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Reef Report for Friday, June 20, 2008

Crown of Thorns Populations in Decline on the Great Barrier Reef
New scientific survey is good news for hard corals, but other threats exist.

The Australian Institute of Marine Science today released a report summarizing a long series of reef surveys made in 2007 along the entire Great Barrier Reef.

The survey methodology is pretty amazing; a diver is towed behind a boat at a designated speed, and makes a count of Crown of Thorns Starfish. © Wet Image These counts are tabulated by date and location, and compared with other survey years and reefs to gain an understanding of any change in the populations of these coral-eating starfish.

While in earlier issues we reported that Crown of Thorns populations were in decline, this time the data is clearer. Populations of COT Starfish are the lowest in 20 years. This is good news, as hard corals will be able to grow and reproduce more quickly without the destructive "grazing" activities of these starfish.

Little is understood about the population dynamics of COT Starfish, three times since 1960 there has been a dramatic increase of these starfish, followed by their decline. Itís hoped that ongoing research will shed a bit of light on what causes these outbreaks, and whether or not human activities are linked to them.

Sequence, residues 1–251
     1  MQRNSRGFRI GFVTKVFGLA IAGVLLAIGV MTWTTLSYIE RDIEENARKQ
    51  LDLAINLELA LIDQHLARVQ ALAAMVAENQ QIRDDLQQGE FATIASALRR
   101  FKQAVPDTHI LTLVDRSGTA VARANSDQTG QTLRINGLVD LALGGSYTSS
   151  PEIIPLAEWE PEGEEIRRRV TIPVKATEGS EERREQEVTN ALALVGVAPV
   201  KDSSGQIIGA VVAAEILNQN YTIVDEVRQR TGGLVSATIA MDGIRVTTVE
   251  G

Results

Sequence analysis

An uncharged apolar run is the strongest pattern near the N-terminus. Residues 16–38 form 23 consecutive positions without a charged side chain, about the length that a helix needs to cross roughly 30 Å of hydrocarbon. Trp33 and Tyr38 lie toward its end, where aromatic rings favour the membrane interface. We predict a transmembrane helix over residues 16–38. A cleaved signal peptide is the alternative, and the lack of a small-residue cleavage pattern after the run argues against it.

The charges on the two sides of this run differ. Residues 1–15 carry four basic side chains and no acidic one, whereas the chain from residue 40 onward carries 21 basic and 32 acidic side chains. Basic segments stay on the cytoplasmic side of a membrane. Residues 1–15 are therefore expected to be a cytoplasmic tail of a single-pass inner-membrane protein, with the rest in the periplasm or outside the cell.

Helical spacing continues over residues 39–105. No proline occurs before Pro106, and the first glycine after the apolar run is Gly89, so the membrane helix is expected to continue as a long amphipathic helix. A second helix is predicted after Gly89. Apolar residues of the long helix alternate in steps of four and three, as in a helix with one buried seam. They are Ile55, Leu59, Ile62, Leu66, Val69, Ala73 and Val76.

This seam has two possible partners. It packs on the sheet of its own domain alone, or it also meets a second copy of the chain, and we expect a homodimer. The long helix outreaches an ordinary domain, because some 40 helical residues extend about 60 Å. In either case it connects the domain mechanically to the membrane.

In the world of today, no environmental news is all good news, and in this case scientists doing the surveys noted that a suite of coral diseases collectively called "white syndrome" is more noticeable in some parts of the reef, and much research is ongoing to learn more about this problem. So far the problem is scattered and patchy in distribution, and seems to come and go in a given location over time.

News coverage of this story, from The Age.

Summary, from the Australian Institute of Marine Science.

The full annual report of the Great Barrier Reef Long Term Monitoring Program.

(C) DiveTheReef The weekly reef report is written by Joel Groberg of DiveTheReef.com, who compiles them from the many conversations he has with dive staff in the area, as well as† many other local sources in the dive community.

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